In an ideal world, you’ll have completed a winter skills course prior to heading into the winter mountains on your own. But if you have the skills and experience, tackling each of the National Three Peaks in winter is an achievement to be proud of, so let’s start with the often underrated but rarely disappointing Scafell Pike.
Scafell Pike – best winter route
CLICK HERE for a digital route guide in OS Maps
From the car park next to the National Trust campsite at the eastern end of Wast Water, head along the track on the north bank of Lingmell Gill. At a fork, head left, then turn right to begin the long climb up Lingmell’s western spur.
This may feel like a bit of a slog, but it has 2 advantages. Firstly, it avoids the potential for an early boot-wetting in the fording of Lingmell Gill (which in winter may be very full), and secondly it provides great views of the Scafell massif's rugged northern crags.
After passing Goat Crags (which will appear as a frustrating false summit on the ascent) on their northern side, head east to the summit of Lingmell. Be aware that the crags beyond the summit drop steeply into Piers Gill steep and may be obscured by snow, so give them a wide berth. Leave the summit in a southerly direction, erring marginally west of south and being aware of the steep ground to the east) and descend towards Lingmell Col to reach an old stone wall.
From the col, continue south, ascending slightly, to join the main path that climbs Scafell Pike from Hollow Stones, running west to east. This path gets enough traffic that it should be obvious, but bear in mind that under extremely heavy snow conditions – particularly fresh snow that hasn’t seen much foot traffic – it may be obscured.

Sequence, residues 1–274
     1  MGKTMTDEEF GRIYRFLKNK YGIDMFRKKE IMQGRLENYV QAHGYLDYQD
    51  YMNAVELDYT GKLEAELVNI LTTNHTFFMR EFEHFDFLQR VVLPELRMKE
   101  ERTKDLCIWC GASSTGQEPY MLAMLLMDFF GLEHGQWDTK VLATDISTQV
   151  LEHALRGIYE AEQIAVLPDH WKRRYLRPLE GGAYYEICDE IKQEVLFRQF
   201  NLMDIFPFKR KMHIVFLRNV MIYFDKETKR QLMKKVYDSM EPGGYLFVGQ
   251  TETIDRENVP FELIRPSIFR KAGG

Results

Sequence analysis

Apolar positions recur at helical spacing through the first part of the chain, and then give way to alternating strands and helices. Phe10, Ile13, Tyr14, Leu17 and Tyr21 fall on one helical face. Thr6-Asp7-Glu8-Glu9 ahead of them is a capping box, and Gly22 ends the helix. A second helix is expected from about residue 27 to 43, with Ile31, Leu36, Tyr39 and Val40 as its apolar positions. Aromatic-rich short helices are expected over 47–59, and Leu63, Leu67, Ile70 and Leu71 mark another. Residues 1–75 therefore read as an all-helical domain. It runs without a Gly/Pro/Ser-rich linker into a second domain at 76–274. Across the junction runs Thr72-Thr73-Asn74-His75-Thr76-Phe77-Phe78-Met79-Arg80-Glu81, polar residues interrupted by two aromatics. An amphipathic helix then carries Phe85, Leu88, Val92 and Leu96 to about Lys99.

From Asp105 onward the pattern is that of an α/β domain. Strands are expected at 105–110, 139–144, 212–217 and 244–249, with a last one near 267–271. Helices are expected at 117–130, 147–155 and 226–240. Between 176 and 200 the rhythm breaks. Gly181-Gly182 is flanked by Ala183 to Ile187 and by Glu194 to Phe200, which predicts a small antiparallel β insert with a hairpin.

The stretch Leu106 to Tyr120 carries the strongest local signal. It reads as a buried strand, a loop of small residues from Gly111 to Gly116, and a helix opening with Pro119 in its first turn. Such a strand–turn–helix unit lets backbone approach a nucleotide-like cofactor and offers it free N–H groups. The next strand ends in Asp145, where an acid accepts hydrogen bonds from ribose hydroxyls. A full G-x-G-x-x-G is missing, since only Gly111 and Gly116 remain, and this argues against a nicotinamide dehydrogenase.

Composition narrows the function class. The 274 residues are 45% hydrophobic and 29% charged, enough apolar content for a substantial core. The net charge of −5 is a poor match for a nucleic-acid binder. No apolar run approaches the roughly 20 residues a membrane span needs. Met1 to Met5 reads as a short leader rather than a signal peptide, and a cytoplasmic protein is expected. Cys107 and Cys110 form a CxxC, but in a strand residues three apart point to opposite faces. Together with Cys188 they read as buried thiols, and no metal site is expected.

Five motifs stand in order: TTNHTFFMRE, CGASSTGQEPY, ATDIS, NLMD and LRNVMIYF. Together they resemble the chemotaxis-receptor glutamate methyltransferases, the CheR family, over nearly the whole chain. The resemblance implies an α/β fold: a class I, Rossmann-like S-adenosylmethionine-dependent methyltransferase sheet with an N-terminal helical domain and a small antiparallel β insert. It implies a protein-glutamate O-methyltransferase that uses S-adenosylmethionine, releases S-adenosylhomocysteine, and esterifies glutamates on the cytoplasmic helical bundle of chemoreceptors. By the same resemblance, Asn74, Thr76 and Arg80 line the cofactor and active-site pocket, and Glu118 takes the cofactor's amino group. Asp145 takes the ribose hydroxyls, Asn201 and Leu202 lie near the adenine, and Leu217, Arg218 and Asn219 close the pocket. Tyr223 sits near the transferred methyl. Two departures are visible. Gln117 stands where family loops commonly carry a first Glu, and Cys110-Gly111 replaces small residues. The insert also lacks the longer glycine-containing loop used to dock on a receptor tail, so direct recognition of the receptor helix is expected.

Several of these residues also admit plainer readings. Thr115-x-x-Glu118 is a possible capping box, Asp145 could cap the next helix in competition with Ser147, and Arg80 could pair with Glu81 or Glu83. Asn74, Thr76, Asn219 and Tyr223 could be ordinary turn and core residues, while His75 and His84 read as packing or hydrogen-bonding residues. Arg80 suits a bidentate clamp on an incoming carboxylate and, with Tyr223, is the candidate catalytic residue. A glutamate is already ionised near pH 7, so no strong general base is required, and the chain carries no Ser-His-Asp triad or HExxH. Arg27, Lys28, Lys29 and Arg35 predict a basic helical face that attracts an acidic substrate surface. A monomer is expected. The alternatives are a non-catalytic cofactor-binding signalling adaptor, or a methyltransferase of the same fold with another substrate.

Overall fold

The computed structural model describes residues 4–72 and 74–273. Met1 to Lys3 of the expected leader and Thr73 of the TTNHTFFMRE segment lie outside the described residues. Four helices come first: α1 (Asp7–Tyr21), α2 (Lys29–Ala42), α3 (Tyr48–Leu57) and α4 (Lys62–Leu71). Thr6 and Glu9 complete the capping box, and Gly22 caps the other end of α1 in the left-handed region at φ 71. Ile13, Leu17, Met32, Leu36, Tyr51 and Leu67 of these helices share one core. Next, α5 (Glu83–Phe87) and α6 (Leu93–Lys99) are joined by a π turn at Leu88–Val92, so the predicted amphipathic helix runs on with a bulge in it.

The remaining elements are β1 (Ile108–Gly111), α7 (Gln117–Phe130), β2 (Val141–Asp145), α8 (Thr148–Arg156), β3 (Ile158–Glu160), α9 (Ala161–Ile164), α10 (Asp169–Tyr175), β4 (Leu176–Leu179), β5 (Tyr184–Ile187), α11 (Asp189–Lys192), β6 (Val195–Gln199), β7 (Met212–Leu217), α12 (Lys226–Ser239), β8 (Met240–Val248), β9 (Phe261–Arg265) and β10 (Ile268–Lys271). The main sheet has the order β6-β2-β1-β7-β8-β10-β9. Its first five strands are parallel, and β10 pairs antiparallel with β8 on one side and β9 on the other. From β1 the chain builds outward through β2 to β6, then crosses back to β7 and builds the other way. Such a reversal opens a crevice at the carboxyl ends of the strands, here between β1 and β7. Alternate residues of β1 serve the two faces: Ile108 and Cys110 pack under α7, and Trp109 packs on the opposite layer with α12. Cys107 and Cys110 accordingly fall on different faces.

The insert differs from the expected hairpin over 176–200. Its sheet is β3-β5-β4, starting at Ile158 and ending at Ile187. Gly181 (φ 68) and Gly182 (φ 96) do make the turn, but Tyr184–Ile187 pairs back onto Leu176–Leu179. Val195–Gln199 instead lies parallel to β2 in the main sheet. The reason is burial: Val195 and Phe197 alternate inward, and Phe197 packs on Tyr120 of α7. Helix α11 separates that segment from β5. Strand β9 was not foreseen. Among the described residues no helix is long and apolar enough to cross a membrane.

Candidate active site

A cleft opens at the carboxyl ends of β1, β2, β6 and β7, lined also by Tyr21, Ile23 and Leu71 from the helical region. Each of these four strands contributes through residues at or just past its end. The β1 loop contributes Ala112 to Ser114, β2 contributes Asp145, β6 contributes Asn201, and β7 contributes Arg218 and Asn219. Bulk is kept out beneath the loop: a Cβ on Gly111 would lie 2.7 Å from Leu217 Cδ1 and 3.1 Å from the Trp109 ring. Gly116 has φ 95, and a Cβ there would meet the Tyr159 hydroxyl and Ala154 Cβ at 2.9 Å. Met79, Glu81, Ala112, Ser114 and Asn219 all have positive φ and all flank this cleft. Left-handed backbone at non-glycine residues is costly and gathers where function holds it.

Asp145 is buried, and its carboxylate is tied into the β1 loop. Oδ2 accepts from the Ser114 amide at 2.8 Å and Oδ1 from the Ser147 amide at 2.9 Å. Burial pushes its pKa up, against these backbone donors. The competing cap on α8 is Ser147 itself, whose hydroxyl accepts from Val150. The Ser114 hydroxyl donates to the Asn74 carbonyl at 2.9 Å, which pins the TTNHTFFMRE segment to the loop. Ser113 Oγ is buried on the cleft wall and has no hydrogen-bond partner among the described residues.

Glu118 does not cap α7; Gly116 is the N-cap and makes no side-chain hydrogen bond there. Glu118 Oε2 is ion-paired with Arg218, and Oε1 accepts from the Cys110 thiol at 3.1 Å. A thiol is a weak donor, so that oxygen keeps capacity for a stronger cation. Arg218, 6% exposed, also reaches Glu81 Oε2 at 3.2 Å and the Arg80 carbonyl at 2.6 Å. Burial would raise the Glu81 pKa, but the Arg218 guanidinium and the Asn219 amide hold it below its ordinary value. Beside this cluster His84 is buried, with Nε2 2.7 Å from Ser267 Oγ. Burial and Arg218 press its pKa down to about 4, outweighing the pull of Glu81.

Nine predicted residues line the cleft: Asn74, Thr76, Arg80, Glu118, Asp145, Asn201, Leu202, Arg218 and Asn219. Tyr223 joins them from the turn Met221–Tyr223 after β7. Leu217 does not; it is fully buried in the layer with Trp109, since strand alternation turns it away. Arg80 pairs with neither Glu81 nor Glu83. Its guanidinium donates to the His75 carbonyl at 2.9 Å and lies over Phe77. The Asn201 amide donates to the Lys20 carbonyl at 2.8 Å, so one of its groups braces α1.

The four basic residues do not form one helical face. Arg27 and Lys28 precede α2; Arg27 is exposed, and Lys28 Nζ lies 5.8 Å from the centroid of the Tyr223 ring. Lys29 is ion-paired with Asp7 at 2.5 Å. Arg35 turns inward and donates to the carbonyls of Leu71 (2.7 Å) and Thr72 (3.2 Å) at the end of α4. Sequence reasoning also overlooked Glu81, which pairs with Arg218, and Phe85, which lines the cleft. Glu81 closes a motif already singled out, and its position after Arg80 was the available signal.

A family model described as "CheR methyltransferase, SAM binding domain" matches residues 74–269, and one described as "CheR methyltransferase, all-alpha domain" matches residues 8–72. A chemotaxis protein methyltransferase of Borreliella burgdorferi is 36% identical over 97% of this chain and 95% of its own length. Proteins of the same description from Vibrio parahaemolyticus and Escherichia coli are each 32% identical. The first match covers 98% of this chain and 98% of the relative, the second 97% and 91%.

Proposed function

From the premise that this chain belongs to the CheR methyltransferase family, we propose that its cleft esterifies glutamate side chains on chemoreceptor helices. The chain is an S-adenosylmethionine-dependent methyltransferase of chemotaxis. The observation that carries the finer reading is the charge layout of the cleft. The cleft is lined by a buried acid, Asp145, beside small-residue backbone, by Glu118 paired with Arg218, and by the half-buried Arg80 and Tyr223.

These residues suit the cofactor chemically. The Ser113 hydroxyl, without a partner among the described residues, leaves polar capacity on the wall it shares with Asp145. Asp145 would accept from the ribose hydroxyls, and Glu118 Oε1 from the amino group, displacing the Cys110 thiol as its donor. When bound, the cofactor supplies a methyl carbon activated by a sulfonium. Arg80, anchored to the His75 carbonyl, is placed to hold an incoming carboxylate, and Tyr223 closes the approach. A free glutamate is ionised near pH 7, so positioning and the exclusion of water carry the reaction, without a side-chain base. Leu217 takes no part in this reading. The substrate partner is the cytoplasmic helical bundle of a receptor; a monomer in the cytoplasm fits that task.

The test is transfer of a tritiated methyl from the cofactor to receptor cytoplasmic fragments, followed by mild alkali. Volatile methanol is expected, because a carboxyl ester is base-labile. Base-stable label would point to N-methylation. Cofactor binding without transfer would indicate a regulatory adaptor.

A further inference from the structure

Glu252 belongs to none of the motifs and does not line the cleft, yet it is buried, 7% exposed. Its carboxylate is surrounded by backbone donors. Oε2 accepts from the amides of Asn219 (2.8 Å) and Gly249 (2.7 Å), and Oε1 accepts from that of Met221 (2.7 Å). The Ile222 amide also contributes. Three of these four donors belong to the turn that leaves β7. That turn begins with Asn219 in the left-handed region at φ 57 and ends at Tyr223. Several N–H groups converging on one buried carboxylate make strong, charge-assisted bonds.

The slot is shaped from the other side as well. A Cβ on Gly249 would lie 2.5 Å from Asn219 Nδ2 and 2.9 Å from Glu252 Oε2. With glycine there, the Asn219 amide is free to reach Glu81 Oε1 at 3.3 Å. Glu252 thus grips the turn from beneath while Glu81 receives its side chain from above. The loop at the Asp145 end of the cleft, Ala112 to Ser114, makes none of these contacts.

You’re not on this path for long before it swings south and begins the final ascent through rocky outcrops. It kinks slightly right then left, before settling on a south-east trajectory as the ground begins to level out on Scafell Pike’s rocky summit plateau.
Unless the clag is in (in which case navigation must be careful) the large memorial cairn that crowns the summit of England’s highest summit should be easy to spot from some distance away. Once the summit has been slapped with a gloved hand, it’s worth taking a short break (you can shelter from any wind on the leeward side of the summit cairn or in one of the many low shelters) before considering your descent.